Aspiration for the bolshevik revolution in Germany and the Baltic peace barrier of 1923
Keywords:Bolsheviks;Export of revolution;Red Army troops;Diplomacy;Germany;Baltic countries;Poland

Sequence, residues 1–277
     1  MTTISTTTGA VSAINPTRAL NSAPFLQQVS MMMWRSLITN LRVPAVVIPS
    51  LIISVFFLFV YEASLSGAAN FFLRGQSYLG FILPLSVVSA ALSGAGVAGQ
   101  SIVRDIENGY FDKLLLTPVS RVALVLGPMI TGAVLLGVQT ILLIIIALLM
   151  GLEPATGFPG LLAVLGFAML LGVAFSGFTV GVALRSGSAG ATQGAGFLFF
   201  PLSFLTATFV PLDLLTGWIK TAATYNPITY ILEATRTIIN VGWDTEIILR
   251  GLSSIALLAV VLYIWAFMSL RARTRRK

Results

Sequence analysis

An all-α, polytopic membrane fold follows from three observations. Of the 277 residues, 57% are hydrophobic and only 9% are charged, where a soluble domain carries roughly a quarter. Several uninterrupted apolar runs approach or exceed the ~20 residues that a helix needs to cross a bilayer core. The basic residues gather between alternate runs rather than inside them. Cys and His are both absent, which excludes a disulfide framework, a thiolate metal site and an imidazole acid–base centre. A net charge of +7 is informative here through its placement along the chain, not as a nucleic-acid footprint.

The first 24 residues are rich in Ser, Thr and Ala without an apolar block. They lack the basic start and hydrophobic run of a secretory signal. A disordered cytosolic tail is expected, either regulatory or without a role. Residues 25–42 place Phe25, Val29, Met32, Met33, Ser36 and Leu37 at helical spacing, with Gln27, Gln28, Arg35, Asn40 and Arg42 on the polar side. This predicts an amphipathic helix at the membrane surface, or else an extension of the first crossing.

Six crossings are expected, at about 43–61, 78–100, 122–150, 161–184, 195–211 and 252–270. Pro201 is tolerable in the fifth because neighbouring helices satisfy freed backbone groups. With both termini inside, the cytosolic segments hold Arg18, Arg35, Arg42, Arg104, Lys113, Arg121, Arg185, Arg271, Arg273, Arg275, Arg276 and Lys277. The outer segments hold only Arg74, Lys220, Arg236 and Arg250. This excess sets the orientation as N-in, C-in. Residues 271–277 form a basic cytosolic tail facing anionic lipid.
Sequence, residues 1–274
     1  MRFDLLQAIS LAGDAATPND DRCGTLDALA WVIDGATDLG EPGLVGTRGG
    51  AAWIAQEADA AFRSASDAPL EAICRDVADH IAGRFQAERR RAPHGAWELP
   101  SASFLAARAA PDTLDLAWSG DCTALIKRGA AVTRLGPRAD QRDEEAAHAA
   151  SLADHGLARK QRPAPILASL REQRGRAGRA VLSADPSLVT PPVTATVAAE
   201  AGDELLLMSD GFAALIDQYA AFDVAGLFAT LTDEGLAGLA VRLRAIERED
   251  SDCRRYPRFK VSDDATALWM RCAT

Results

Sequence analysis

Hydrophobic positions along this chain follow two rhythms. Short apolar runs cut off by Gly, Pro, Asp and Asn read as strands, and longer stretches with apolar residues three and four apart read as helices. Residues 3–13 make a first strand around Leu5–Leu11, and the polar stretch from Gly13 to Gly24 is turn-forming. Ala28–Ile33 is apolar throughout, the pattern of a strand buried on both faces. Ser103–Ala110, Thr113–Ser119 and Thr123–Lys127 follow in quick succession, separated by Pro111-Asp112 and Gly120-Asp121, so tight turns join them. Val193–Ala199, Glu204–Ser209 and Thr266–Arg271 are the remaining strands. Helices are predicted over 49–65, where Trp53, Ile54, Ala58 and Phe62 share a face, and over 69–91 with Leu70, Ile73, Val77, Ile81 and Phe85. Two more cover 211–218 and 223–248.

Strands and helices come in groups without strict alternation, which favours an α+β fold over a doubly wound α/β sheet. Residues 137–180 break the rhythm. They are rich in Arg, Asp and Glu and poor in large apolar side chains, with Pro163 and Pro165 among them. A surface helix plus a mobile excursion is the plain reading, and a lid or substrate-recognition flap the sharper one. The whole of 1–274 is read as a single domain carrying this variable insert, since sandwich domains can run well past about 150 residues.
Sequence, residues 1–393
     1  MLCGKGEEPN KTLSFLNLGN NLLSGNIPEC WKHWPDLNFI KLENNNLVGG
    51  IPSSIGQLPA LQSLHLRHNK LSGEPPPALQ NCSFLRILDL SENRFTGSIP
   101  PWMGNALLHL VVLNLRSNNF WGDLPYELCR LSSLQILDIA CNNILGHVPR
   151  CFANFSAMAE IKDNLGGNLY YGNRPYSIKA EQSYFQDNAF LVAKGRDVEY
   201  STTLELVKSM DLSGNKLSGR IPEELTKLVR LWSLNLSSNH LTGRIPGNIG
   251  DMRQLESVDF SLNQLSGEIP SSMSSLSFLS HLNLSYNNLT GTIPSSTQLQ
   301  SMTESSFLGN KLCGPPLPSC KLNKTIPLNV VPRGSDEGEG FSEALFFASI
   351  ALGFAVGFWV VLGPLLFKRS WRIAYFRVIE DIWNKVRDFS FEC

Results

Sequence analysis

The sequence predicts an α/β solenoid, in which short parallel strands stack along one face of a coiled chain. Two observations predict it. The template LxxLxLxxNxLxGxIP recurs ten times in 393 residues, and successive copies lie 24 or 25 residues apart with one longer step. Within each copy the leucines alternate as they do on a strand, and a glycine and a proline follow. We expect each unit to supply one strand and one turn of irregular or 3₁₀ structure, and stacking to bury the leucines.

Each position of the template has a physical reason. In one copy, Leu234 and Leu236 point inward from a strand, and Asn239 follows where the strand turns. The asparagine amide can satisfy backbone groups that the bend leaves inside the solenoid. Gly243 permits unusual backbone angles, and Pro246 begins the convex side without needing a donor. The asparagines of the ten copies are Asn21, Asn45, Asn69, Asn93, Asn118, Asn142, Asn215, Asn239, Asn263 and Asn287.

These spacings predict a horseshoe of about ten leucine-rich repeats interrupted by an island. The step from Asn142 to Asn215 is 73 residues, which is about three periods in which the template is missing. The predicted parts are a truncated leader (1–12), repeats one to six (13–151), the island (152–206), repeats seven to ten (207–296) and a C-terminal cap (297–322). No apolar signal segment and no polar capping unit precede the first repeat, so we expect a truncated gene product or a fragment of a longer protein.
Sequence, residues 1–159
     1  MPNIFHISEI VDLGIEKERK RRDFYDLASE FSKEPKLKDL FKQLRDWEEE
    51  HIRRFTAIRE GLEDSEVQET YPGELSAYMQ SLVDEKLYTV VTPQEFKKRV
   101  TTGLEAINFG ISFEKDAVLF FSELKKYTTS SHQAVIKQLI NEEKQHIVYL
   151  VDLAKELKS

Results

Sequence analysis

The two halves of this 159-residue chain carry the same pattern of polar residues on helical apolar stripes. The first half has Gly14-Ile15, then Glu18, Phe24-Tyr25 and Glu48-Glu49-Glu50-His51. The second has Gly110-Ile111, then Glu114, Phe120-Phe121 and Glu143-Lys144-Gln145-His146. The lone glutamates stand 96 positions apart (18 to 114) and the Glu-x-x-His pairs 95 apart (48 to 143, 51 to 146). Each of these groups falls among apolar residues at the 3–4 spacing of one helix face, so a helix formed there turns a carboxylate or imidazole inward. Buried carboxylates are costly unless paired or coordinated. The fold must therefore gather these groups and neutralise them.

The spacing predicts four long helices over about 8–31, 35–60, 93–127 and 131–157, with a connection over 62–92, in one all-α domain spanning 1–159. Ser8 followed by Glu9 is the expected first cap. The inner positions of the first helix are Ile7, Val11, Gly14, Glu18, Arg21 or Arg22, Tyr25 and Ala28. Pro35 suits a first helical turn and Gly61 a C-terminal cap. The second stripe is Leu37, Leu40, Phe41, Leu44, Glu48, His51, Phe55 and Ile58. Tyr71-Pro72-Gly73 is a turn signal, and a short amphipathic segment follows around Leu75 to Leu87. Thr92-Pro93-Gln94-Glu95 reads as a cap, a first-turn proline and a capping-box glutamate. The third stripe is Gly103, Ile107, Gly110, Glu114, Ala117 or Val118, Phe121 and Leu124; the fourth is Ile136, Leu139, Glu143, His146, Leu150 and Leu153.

The article investigates how and why new modern states, which emerged in the Baltic region after the First World War, became a barrier for the expansion of Bolshevik Russia into the depths of Europe. It has been established that the most striking attempt of exporting the Bolshevik Revolution took place in 1923, when an attempt to inspire the Communist coup in Germany was planned, with the intention to redeploy hundreds of thousands of Red Army troops, stationed at the western borders of the USSR, in the hope that the Baltic States and Poland would not hinder the army’s passage to Germany. However, the Balts and Poles, having withstood the Bolshevik pressure without succumbing to their threats and promises of rendering help, refused to let the Red Army get across their respective territories, even under the guise of a different cause. This venture of the Bolshevik had failed, due to the firm stance taken by four countries and due to the lack of a stronger revolutionary enthusiasm among Germans.